It was not until 1960 that the Soviet authorities allowed Sviatoslav Richter (1915-1997) to play in the West. In May of that year he gave concerts in Finland and the following October made his US debut, playing first with the Chicago Symphony Orchestra. This WHRA release presents on CD for the first time his subsequent debut concert with the Boston Symphony.
Two days after his Chicago debut he had made a studio recording of the Brahms Second concerto with the Chicago Symphony and Erich Leinsdorf (review). I believe there is also a recording of the Beethoven First concerto with Munch and the Bostonians (JVC JM-XR24018). I wonder if that was made in the days following this Boston concert. Given that the concert was an important event itís a pity that WHRA donít provide a bespoke booklet note with detail about Richterís first US appearances. Instead what we get is a reprint of the Wikipedia general biography of Richter, which makes only a brief reference to this particular point in his career, including the pianistís expression of dissatisfaction with the Brahms concerto recording that he made in Chicago. Happily, thereís some useful further information in a review of these CDs by David Gutman in the January 2012 issue of International Record Review. Mr Gutman says that Richter was greatly impressed by the standard of the accompaniment that Munch and the BSO provided Ė he was, apparently, less enamoured of the support that he got in Chicago from Leinsdorf, who was drafted in to replace the indisposed Fritz Reiner. Gutman also quotes at greater length Richterís views on the Chicago Brahms recording.
On listening to these discs it seemed to me that the partnership between Richter and his Boston hosts was at its most fruitful in the Beethoven. The Brahms, though admirable in many ways, has its rough edges. The very opening of the first movement is taken very broadly indeed Ė a bit too broadly for my taste. The first orchestral tutti (from 1:44) sounds very hard driven Ė and Richterís solo leading up to it is a bit splashy. I wondered if this hard-driven impression derived from the recorded sound, which can be a touch harsh in loud passages. However, as the movement unfolded I came to the view that Munchís way with the orchestral score tends to be rather too vigorous at times. The louder passages sound somewhat emphatic and one has the impression that everyone is trying just a bit too hard. Having heard several live Brahms performances from Boston under Pierre Monteux in recent months I couldnít help but wonder if the results here might have been better had Le MaÓtre been on the rostrum. However, thatís perhaps less than fair to Munch and it has to be said that the more reflective passages in this movement come off well. Richter displays considerable virtuosity in the face of the often formidable demands of the solo part though heís not infallible. Neither is the BSO principal horn player, who has a distinctly shaky Ė and exposed Ė few moments at 9:10. My overall impression is that this movement doesnít quite come off though thereís much to admire along the way.
Thereafter, however, matters improve significantly. Everyone sounds much more at ease in II; this movement is given a dynamic and assured reading. For me, the Andante shows the value of issuing live concert recordings. The tone is set by the fine, nutty-toned cello solo (Samuel Mayes?) and then we find Richter in reflective, elevated mood. This is a distinguished account of one of Brahmsís most sublime movements, nowhere more so than in the passage (from 7:42) that leads back to the reprise of the cello solo (at 9:48). This is inspirational playing, caught on the wing and possibly never repeatable Ė except that itís preserved here for us. The concerto ends with a felicitous reading of the sunny finale. Here both soloist and orchestra offer high spirits and also passages of great delicacy.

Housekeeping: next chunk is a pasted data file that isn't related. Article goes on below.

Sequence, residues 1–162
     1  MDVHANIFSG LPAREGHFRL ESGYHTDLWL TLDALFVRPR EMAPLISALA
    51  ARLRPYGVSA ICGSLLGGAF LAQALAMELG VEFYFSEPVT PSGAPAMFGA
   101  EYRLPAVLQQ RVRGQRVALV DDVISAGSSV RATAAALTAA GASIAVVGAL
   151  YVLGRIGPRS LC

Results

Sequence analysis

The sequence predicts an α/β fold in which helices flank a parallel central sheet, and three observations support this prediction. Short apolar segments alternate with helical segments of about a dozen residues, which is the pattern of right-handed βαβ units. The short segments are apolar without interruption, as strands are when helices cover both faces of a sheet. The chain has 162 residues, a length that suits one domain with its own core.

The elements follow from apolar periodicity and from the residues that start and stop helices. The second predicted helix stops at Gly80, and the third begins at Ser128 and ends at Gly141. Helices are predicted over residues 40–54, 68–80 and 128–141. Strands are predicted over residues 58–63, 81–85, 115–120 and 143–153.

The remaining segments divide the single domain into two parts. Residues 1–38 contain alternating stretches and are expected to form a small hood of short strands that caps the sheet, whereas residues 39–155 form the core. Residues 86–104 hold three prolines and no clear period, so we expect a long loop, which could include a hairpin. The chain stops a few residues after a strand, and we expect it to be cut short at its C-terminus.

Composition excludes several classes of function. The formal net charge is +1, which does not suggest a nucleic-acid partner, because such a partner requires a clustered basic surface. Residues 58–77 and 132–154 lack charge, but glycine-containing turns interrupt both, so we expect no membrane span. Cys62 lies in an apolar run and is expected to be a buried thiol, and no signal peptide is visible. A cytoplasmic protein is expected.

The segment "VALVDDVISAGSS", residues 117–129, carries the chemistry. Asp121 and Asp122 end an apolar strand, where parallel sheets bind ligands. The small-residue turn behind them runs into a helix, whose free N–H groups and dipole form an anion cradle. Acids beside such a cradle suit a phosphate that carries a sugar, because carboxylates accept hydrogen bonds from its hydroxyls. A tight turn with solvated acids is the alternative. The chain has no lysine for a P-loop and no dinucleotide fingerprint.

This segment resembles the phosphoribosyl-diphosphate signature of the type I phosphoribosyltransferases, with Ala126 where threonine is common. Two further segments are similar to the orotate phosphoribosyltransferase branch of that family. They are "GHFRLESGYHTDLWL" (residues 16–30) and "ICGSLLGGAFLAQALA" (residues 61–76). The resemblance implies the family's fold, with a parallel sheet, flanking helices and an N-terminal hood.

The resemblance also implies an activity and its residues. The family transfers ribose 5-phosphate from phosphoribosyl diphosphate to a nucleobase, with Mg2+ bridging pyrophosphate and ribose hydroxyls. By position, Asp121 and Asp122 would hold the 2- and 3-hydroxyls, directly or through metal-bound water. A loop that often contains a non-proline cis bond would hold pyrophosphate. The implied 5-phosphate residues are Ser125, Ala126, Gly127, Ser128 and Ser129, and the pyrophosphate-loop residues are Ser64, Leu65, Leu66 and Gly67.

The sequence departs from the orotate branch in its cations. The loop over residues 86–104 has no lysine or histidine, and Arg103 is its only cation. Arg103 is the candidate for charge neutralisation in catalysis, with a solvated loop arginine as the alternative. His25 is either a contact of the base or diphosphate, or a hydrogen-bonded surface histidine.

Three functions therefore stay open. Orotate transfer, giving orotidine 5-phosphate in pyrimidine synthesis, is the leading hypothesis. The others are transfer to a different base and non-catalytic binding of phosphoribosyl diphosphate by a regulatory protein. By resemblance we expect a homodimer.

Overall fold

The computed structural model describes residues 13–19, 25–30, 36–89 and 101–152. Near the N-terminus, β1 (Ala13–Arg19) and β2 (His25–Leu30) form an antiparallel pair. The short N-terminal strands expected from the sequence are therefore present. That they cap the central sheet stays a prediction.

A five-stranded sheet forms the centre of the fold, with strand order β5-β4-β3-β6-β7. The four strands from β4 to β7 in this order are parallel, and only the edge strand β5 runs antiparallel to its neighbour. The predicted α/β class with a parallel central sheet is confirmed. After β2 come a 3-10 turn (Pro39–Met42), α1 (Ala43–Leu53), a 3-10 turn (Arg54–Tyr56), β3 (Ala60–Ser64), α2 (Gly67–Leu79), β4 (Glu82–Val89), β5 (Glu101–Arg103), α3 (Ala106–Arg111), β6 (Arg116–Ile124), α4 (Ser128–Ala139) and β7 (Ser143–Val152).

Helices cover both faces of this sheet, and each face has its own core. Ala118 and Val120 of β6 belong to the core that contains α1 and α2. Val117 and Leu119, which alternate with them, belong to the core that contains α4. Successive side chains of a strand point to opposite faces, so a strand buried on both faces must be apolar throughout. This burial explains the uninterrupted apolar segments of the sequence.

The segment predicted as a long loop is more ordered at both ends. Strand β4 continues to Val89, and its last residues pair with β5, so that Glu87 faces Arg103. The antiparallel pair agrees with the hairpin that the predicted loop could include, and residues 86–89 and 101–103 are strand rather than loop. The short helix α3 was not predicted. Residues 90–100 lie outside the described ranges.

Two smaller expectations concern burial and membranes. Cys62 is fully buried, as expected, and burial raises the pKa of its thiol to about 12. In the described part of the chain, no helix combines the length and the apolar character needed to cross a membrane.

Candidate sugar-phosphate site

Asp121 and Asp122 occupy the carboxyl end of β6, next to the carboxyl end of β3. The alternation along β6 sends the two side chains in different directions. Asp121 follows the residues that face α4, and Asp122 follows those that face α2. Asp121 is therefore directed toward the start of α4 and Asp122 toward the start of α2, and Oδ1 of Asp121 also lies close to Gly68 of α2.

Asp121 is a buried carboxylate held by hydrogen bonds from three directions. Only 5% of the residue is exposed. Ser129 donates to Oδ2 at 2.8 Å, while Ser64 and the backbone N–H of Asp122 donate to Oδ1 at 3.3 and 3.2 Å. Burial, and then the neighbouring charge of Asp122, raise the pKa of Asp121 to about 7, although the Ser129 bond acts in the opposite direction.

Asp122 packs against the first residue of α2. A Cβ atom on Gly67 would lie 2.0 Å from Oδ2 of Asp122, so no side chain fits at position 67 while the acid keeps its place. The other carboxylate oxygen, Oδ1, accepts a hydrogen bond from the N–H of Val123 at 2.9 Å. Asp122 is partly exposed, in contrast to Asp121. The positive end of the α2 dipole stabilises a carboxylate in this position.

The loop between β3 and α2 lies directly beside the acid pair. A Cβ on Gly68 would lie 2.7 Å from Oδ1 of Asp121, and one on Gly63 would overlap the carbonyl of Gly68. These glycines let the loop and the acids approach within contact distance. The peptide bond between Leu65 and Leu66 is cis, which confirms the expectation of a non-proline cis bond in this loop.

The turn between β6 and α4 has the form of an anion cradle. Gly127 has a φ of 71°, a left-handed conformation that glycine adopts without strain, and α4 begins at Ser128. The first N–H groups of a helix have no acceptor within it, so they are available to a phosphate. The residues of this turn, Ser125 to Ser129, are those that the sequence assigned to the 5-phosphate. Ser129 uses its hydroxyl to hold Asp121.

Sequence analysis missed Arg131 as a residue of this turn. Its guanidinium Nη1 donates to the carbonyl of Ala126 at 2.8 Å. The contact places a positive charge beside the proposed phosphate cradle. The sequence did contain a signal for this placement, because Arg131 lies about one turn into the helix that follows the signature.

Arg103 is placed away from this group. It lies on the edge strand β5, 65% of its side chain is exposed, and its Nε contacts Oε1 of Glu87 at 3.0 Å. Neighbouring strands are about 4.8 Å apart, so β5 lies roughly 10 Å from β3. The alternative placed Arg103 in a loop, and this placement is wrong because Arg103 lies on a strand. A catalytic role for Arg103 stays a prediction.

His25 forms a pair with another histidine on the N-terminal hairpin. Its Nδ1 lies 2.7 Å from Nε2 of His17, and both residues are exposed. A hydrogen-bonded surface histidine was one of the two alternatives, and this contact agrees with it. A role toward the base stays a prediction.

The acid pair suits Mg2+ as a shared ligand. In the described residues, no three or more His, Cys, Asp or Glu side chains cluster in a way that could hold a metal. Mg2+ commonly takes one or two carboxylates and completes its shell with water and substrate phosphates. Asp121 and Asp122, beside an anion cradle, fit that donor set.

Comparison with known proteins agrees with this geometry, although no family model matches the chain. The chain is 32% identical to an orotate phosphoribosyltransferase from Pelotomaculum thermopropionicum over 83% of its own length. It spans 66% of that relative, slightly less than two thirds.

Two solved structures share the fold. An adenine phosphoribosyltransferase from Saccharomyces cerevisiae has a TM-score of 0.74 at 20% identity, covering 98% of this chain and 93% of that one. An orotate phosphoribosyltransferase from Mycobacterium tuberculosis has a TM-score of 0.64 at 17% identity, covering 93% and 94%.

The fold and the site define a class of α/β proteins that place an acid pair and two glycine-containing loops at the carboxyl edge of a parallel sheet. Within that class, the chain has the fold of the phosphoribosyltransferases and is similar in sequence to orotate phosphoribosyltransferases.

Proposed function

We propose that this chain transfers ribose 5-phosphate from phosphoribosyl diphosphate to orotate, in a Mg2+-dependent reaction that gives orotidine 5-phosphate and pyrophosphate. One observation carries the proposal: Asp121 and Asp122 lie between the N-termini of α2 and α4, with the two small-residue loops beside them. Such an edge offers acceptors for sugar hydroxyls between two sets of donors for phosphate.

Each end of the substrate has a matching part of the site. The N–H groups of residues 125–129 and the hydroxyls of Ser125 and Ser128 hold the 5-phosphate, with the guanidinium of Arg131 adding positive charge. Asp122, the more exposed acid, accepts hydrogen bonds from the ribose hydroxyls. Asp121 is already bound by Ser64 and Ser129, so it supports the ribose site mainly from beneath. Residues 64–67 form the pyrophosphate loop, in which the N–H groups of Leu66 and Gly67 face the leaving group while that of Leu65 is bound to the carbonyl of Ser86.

Though there are a few reservations about the Brahms performance the Beethoven concerto strikes me as a pretty unqualified success. The reading of I is very fine. The pacing seems well-nigh ideal and Richterís pianism is of the highest order; his playing is, by turns, nimble, graceful and dynamic. Munch and his orchestra are excellent partners for him. One passage stood out for me; at 8:49 Richterís pianissimo chromatic triplets are just exquisite before the soloistís headlong downward plunge to the recapitulation. Richter offers the longest and most challenging of Beethovenís cadenzas (12:45-16:14) and gives a brilliant account of it.
In II Richter is rapt and patrician and he plays with great refinement. The tempo is spacious but the performers fully vindicate the choice of speed. There are one or two minor tonal blemishes in the orchestral accompaniment but these are insufficient to mar a captivating performance caught on the wing. The Rondo is brilliant and vital and the ovation that greets the end of the performance is entirely justified.
A will be noted from the track listing at least some of the radio announcements have been retained and this I like; it increases the sense of occasion. The transfers are ďfrom the original broadcast tapesĒ. I imagine that the broadcast was by station WGBH, the long-time broadcasting partner of the BSO. Inevitably the fifty-year-old sound has its limitations Ė booming timpani, for example - but the sound is no bar to enjoyment and the transfers, by Kit Higginson, are good.
This was an important occasion in the career of Sviatoslav Richter and this great pianistís many admirers should ensure they hear these discs.